Remembering LA reporter Henry Fuhrmann, a crusading wordsmith and beloved mentor

HEnry Fuhrmann had retired as editor of the Los Angeles Times when he launched a one-man campaign to remove the hyphen when describing Asian Americans and African Americans.

This earned the popular mentor and kind-heart of dozens of young journalists of color the fearsome nickname “Hyphen Killer”, which Fuhrmann happily accepted.

Fuhrmann objected to hyphens in a widely circulated essay in 2018 this has been credited with causing mainstream journalism to abandon stubbornly held conventions in referring to heritage.

Hyphens “serve to divide even though they are meant to connect,” he wrote. “Their use in racial and ethnic identifiers can evoke otherness, a sense that people of color are somehow not full or fully American citizens.”

Fuhrmann, who died Wednesday at 65 after a brief illness, spent his career trying to improve the profession of journalism and encourage the media to use unambiguous and fair wording, as in cases of race and of sex.

In a message to friends and loved ones following his condition, his family reported Thursday:

“We are heartbroken to announce that our dear Hank passed away yesterday. It was early evening and he was surrounded by his closest family members…He passed away peacefully.”

An agent of change

The year after Fuhrmann’s essay was published, the Associated Press changed its direction on the “double heritage” in its style book. Other newsrooms, including ours, have followed suit.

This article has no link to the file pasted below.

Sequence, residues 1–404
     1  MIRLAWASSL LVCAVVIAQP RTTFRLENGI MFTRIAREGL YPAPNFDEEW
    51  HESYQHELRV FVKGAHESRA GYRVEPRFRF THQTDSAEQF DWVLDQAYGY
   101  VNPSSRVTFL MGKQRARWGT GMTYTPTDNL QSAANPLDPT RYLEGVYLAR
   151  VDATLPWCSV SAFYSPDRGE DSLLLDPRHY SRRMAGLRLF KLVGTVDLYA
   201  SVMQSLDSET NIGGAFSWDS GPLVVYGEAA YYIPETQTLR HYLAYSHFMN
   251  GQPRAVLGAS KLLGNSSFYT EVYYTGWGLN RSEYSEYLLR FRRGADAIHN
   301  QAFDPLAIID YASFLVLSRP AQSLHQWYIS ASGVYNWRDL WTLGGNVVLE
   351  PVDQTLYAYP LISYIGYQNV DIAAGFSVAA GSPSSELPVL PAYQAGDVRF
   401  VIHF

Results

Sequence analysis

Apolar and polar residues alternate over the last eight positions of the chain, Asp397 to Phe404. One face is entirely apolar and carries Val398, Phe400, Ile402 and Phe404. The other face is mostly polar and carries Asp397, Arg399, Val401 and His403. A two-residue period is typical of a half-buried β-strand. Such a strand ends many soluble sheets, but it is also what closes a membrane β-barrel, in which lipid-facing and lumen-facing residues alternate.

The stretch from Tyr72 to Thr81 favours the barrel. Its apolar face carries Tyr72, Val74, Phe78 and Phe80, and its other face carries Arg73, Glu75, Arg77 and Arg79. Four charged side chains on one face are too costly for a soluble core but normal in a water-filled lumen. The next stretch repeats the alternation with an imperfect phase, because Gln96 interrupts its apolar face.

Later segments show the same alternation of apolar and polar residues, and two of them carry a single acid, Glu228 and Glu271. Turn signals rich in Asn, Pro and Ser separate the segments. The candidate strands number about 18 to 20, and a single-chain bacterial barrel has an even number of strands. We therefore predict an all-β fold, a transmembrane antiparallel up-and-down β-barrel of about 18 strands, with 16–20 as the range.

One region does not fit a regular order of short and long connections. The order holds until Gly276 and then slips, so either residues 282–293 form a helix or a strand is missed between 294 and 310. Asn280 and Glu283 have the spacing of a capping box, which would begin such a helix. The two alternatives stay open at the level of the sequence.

It was one of Fuhrmann’s important victories. While at the Times, where he worked for 24 years, he pushed the newsroom to drop “transvestite” and use “transgender.”

Fuhrmann – whose mother was originally from Japan – had also convinced other journalists to stop describing the incarceration of more than 120,000 Japanese Americans during World War II as “internment” – a term he called it inaccurate and an understatement.

His door was always open.

—Teresa Watanabe

Teresa Watanabe, an educational reporter for The Times and close friend of Fuhrmann, said she joined his mission to drop the use of “internment” because it “technically applies to enemy extraterrestrials who had been heard before a military council, while Japanese Americans who were incarcerated were never heard.”

Watanabe said she and Fuhrmann were also bonded by their passion for the Asian American Journalists Association and that he was committed to mentoring young reporters and editors at The Times.

“His door was always open,” Watanabe said. “If you just wanted to come in and shoot the breeze or you had a problem, he would stay there late until eight or nine o’clock just to be with you.”

His work with AAJA

Although he wasn’t feeling well when the AAJA held its annual convention in Los Angeles last month, Fuhrmann was determined to attend, Watanabe said.

“He was there for the Voices program, where our students showcase their projects, and he was just having the time of his life,” she said.

Fuhrman joked in an interview with AAJA for its 40th anniversary oral history project that he had become a gray-haired elder in the organization, but he was inspired by his younger colleagues, some of whom had them. themselves ran newsrooms.

“They are the future and the present,” Fuhrmann said. “And they’re full of ideas and energy, and I feel, if not younger, I feel energized around my colleagues.”

Reaction to his death

Over the past day, tributes to Fuhrmann have poured in online from all the journalists he has influenced and befriended over the past three decades.

Have a question about Asian American communities in Southern California?

Josie Huang reports on the intersection between Asia and America and the impact of these growing communities in Southern California.

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